Why not decide for yourself if Jumps are something you should add to your classes?

#4 I read somewhere that they aren't safe.

Performed correctly; climbing gear and following along to a 60 - 75RPM cadence, Jumps are IMO perfectly safe. Sure there were idiots way back when, who tried to Jump randomly (popcorn style) while pedalling at 110+ with no resistance. BUT YOU WOULD NEVER DO THAT... WOULD YOU?

There's also a segment of "experts" in our industry who, in their crusade to remove anything that doesn't follow the If you don't do it outside... thinking, have used concerns about safety as a way to dissuade Instructors from offering many forms of movement from our classes.

My goal with this article is to encourage you to be open minded. Decide for yourself if you should include Jumps and other forms of movement in your classes. [/wlm_ismember]

#5 I don't want to embarrass anyone / I'm concerned some in my class won't be able to learn to jump.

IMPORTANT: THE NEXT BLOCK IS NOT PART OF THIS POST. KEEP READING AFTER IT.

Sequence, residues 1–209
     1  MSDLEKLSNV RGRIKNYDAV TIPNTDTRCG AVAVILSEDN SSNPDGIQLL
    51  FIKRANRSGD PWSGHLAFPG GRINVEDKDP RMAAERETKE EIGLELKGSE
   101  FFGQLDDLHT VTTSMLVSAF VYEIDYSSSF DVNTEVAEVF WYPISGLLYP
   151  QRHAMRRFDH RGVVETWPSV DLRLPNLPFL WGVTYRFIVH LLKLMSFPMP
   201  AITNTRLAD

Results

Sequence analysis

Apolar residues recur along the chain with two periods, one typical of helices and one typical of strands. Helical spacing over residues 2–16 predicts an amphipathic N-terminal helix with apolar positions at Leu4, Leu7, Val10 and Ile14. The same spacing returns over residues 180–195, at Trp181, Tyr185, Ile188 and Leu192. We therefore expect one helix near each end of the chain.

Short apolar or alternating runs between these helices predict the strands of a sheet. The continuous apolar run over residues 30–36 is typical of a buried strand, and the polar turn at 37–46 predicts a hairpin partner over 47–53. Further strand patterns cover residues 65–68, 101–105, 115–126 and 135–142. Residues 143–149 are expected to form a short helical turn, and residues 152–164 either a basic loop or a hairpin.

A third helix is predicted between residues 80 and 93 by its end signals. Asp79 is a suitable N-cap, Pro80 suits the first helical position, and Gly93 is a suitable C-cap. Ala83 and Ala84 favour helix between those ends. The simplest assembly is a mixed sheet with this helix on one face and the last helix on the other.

If you came to a class and the Instructor stood up in front and announced; I can tell just by looking that many of you won't be able to perform the activity I had planned for today... so we'll just sit and pedal for an hour. You'd be insulted, wouldn't you? I know I would.


Your participants want to be challenged. I'm convinced that much of the appeal of SoulCycle and their clones is that the movements in these classes are technically difficult to perform correctly. Riders leave thinking "I need to come back next week and show that Instructor (or person riding next to me) that I can do those Jumps as smoothly and rhythmically as everyone else in the room.

And that motivation is part of what could be filling your classes each week 🙂